"India makes a good place to look for traditions of Goddess Worship..."
Absolutely. Here we have a surviving tradition of the Goddess. It is however not found in its original form and has still been subjected, in part, to the "savage suppression" spoken of in the later part of the statement.
Another good point from the essay:
"Despite the very politically motivated over-simplifications that have been worked into the field of Goddess studies by radical feminists..."
I couldn't agree more. The Goddess is an equal opportunity mother. She doesn't love her female children more than her male ones or vice versa. Many aspects of her mysteries can be seen through the female body, but that does not automatically exalt women over men. It is about equality and respect and nothing more. I refuse to allow my religion to be a fading movement which serves someone else's political agendas.
"I do not believe in the so-called 'triple goddess' of modern mainstream neo-paganism."
"...I do not believe in the wiccan 'triple goddess'."
Robin feels strongly enough about the above statement to say it twice. It just so happens that it is probably the one point that I had the most conflict with. Within the essay itself are the following words.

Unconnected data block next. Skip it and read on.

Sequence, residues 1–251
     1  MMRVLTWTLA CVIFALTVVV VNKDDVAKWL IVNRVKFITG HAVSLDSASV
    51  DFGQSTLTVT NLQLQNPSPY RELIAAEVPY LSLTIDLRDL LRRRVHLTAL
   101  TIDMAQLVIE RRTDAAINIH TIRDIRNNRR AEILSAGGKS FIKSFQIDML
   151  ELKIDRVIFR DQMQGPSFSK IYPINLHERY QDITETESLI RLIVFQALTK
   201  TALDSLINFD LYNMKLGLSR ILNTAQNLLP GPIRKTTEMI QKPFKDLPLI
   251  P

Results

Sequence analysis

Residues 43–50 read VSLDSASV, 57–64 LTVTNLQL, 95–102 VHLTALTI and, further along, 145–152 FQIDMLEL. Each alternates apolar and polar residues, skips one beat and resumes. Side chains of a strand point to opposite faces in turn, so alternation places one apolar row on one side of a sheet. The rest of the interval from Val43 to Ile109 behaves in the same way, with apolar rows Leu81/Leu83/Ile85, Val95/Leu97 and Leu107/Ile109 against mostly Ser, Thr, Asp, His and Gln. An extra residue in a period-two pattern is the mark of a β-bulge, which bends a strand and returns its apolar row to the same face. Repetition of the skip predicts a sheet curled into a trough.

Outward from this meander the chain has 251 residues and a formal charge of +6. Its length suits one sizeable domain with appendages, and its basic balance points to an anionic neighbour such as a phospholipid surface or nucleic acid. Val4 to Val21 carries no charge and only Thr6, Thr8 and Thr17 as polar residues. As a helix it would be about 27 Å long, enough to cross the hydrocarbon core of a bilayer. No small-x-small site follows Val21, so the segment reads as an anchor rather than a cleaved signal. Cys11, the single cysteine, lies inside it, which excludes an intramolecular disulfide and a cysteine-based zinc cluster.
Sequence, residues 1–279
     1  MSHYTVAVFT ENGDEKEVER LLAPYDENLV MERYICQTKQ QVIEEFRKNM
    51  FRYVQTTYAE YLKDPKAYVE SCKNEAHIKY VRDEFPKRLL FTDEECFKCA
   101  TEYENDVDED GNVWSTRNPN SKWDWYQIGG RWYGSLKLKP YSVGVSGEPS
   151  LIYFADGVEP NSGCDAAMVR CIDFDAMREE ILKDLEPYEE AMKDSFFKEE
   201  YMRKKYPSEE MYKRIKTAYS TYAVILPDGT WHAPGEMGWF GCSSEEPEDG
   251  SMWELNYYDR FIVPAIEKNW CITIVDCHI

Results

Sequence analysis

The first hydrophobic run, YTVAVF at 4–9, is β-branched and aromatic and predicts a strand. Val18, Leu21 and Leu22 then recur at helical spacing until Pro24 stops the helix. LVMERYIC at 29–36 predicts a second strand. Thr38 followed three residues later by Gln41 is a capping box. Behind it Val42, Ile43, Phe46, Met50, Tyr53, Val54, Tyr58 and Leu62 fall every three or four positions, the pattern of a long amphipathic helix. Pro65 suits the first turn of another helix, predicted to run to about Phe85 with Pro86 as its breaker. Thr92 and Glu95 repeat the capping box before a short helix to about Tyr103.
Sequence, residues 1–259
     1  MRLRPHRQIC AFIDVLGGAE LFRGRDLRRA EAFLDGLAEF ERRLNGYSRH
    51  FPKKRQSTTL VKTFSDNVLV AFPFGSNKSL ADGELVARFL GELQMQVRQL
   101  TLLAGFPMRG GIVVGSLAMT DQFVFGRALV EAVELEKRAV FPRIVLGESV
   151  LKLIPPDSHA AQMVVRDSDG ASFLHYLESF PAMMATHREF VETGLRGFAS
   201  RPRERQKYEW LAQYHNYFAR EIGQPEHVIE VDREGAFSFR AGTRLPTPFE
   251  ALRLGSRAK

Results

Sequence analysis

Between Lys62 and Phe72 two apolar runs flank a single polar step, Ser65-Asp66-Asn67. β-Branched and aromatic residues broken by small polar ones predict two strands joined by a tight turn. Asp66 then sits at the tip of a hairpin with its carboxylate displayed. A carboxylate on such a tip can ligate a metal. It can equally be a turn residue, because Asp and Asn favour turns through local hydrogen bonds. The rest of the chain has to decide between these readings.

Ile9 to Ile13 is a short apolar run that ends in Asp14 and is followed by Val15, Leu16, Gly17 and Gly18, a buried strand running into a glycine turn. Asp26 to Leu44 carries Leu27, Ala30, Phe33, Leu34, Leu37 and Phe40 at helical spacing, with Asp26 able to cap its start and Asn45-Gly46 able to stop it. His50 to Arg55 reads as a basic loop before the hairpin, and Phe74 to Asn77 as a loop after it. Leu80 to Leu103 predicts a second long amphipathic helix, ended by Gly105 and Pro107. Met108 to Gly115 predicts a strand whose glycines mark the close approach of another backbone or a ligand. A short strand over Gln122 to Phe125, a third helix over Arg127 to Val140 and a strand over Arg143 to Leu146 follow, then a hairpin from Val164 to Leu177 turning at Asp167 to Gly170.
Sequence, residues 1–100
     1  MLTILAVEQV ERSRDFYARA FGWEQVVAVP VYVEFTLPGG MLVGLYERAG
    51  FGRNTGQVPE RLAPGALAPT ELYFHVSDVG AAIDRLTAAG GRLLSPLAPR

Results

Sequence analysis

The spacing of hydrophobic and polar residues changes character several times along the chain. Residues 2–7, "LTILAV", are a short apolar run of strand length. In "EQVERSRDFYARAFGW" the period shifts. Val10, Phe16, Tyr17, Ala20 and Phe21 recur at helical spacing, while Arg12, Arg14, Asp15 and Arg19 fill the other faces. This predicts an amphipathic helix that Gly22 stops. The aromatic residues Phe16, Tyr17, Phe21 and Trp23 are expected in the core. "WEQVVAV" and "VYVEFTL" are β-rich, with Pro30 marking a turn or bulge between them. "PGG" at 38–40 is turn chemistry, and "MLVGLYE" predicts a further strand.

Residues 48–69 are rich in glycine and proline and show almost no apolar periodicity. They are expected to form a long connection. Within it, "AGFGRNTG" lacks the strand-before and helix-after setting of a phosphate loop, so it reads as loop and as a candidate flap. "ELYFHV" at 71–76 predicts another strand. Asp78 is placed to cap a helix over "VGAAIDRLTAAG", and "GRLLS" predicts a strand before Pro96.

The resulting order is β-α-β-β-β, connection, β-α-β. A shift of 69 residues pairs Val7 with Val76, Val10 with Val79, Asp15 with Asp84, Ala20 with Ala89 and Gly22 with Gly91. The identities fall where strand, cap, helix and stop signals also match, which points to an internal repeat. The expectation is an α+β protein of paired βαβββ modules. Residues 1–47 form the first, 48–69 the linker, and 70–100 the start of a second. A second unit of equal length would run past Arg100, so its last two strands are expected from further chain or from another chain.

"Alongside this virginal, pure and boundless condition..."
"...She has been approached as Earth Mother... and as a Goddess of the Underworld or a Fate-Weaver."
In the above statements the Goddess is demonstrated as being triplicate as in Maiden, Mother, and Crone which Robin says is a "modern construct" despite the "great religious truth that many of the Goddesses [he] worship[s] historically appear in triple form."
"...I do believe in the Goddess of Sovereignty, and in her triple force of power."
I'm confused. So I call the Goddess Maiden, Mother, Crone, and All Goddess and Robin calls her the Goddess of Sovereignty who has a triple power. What is the difference? I think we're talking about the same thing here.
Is it possible that Robert Graves coined the terms Maiden, Mother, Crone because it was a common way of seeing the Goddess: youthful, motherly, and aging? He didn't make up the myths of the Goddess which demonstrate these triplicate aspects. He simply classified her aspects into simple English. I'm not even sure Graves can take all the credit for it actually. These ideas have been around for millennia. It seems unlikely that one man could put into words what has always been. Or perhaps for him it was a moment of intuition and remembrance of the Great Goddess of ancient times. Either way, does it really matter? It appears that we believe in the same thing, but call it two (kind of) different things.
So, this leaves the Triple Goddess as a historical manifestation seen through the eyes of the myth writers and readers - the interpreters of the worship of our Ancient Mother. The Goddess in triplicate is not a new concept, nor is it solely a Wiccan one.
I admire Robin's writing ability and thoughtful approach. I hope to be given the opportunity to have conversations and debate with him in the future.